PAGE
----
She also points out with patent admiration the “fact-y facts” that French women reportedly feel no compunction in packing their newborns off to daycare right after they’re born, and that this lack of attention to their children renders them sexier, and far more willing to recommence their wifely duties towards their, in turn, more manly, fulfilled husbands. Guinness admiringly calls this “grown-up.” Labeling co-sleeping and “militant” breastfeeding “aggressively antisexual,” she actually praises French doctors who ask new mothers the somewhat creepy question, “Is Monsieur happy?” (IMHO, the only appropriate answer: Well, I just delivered him a baby.)

(Pained side-note: if I read one more fact-deprived paean to the alleged superiority of French parenting skills, I swear that I will make protest art out of a rotten wheel of brie. And send the horrible image around on the Interwebs. I lived in France, and from my sample size of, well, me, I can say with real confidence: they’re not that great. And the men are shaped like cigarettes. And they have lots more financial support and paid leave than we do, including home visits from nurses when they are pregnant. Etc. Duh.)

In some small way, I guess it’s good news that conservatives have evidently dialed from “Freedom Fries” all the way back to just “French.” The title of the review – “Women’s War on Women – makes it all too clear why the Journal is keen to promote Badinter. It even helpfully connects the dots on the recent faux outrage from conservative circles over Hilary Rosen’s unhelpfully disparaging comment about Ann Romney’s lack of qualifications to set economic policy.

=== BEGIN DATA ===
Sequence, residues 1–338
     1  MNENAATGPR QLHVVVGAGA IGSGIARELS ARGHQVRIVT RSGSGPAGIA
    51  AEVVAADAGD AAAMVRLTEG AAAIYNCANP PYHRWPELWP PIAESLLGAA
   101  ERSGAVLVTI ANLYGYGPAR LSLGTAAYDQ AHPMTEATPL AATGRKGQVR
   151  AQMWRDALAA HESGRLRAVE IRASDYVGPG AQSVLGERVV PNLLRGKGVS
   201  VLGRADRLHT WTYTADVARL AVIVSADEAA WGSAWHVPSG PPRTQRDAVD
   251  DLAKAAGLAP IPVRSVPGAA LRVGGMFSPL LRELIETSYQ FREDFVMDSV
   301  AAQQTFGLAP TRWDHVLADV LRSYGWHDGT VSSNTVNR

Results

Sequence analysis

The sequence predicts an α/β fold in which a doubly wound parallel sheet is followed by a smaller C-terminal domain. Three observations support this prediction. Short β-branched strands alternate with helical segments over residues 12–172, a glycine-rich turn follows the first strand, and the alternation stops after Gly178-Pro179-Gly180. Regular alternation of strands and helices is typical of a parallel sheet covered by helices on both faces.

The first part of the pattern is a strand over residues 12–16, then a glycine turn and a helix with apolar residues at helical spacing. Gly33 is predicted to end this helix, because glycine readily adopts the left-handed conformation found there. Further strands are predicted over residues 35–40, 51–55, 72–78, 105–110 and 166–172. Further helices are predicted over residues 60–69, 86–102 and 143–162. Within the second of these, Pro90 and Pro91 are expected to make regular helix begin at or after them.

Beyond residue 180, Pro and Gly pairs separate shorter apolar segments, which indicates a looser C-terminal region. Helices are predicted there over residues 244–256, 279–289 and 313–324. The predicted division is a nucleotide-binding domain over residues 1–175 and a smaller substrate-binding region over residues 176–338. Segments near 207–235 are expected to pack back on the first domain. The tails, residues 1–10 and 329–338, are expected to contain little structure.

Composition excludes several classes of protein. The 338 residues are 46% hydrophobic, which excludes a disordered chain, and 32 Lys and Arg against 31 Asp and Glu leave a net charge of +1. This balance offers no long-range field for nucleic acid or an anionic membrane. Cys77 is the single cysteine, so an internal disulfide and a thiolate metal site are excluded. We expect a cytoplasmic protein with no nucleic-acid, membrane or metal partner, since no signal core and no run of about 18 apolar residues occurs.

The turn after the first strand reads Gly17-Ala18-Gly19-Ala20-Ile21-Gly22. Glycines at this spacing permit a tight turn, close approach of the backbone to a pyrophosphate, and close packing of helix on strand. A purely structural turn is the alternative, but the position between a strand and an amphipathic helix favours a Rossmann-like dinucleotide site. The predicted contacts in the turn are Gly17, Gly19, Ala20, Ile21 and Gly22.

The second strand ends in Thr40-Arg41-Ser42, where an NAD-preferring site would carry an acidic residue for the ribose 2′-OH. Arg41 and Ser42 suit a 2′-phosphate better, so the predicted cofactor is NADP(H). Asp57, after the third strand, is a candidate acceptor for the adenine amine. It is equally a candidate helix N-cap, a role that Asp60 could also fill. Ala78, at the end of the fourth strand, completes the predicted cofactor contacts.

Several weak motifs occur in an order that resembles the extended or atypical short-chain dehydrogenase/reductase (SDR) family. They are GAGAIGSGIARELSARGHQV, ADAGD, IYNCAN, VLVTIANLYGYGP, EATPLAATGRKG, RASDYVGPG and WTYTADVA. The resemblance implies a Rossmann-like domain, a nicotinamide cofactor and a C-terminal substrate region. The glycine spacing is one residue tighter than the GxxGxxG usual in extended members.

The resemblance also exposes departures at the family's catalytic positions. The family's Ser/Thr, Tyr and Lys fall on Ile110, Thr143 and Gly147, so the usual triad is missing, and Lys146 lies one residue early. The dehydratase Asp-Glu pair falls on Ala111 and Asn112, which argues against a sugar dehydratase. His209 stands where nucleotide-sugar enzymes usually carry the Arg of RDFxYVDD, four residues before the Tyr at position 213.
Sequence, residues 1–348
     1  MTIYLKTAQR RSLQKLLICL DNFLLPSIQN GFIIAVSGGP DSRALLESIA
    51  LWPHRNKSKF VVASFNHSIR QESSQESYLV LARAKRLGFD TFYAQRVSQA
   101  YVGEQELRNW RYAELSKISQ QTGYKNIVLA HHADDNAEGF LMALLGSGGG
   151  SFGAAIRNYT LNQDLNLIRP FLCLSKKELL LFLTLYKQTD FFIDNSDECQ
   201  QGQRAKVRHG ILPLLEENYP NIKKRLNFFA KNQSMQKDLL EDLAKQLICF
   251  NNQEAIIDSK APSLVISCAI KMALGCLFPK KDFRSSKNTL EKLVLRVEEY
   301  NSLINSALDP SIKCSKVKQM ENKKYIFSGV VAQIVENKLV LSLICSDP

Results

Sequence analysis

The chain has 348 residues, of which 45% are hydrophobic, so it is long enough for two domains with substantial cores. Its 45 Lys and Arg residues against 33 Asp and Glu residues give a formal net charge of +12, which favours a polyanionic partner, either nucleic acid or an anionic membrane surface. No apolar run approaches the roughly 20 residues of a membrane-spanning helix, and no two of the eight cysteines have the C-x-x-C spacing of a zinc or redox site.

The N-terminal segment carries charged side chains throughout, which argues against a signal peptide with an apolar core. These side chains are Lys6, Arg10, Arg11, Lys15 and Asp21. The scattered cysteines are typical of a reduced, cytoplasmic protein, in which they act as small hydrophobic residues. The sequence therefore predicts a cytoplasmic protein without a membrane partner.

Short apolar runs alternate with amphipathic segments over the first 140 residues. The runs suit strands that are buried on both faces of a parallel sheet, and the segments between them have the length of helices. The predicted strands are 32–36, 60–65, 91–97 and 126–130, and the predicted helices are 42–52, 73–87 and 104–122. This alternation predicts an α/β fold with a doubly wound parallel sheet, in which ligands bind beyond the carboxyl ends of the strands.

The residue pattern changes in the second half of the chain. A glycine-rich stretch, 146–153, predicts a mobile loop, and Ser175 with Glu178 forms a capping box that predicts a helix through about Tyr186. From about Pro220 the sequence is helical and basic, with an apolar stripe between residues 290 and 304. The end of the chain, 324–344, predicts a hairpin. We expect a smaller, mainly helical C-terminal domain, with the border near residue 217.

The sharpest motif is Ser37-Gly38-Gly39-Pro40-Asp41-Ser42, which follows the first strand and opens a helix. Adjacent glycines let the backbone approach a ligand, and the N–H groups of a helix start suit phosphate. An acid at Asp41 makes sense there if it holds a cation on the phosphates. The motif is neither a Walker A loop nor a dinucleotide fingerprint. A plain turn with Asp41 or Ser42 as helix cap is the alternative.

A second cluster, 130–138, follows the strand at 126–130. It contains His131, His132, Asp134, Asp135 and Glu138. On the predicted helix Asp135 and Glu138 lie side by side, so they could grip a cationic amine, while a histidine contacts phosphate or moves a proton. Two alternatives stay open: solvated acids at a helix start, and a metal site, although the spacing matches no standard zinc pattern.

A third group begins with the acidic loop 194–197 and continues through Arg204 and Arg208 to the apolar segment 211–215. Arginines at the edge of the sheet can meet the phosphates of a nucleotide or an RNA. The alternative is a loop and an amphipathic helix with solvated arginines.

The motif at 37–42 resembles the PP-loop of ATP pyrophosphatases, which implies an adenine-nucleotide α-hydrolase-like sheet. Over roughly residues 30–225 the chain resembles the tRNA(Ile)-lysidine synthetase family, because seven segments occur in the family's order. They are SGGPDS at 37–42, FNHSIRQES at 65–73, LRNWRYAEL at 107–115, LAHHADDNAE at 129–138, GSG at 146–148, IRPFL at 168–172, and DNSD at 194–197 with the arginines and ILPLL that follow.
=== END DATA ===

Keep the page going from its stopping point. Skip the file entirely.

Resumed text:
Most have moved on from this non-issue. But the Journal persists. If the “War on Women” can be recast as a girl-fight jello wrestling match, the jerky men’s club who rigged an mostly-male Congressional hearing on birth control gets off the hook. Conservatives would obviously like nothing better than for us to reimagine their latest round of attacks on women’s rights as another tragic, contested chapter in the Mommy Wars: just those silly women, at it again.

Amanda Marcotte’s insightful take-down of the right’s false sanctimony about the “hard job” of motherhood is well worth a read. As she also points out, the hypocrisy of conservatives’ reverence for stay-at-home-moms was exposed when Mitt Romney’s statements from recently as January surfaced about the need for low-income women, even those with young children at home, to work outside their home in order to get any access to basic financial supports for their family.

But Guinness is basically on board. She picks up on Badinter’s bizarre argument about contraception, which evidently, because it gives women a choice about having a child, creates an “infinite debt” and leads to “extreme mothering.” Neither of them consider that being able to choose to have a child actually means that women may want (and be able) to make space to value the process of parenting – that volition leads to the urge to be a better mother.

And there’s certainly no mention of the research on child development, summarized nicely in this book, that shows, pretty unequivocally, that healthy brain development in children ages birth to three depends upon their sense of security in the world, their social bonding with parents and caregivers, and the flow of good communication. The science backs up “attachment parenting” theories, but is in no small tension with the fact that, unless you’re the Romneys, most families need two incomes to survive. And those who do choose to stay at home pay a steep price in career advancement as well as income. Badinter thinks that decision is the problem; while I think that penalty is.

Moms who are aware of this, and have to go to work anyway, like me, probably do seek to compensate for their away time by bonding with their child in such crazy, unnatural ways as co-sleeping (like millions of families do around the world). How this harms anyone is beyond me. And rather than pitting me against my husband, he seems rather on board with the whole thing, because, you know, he’s science-y and all.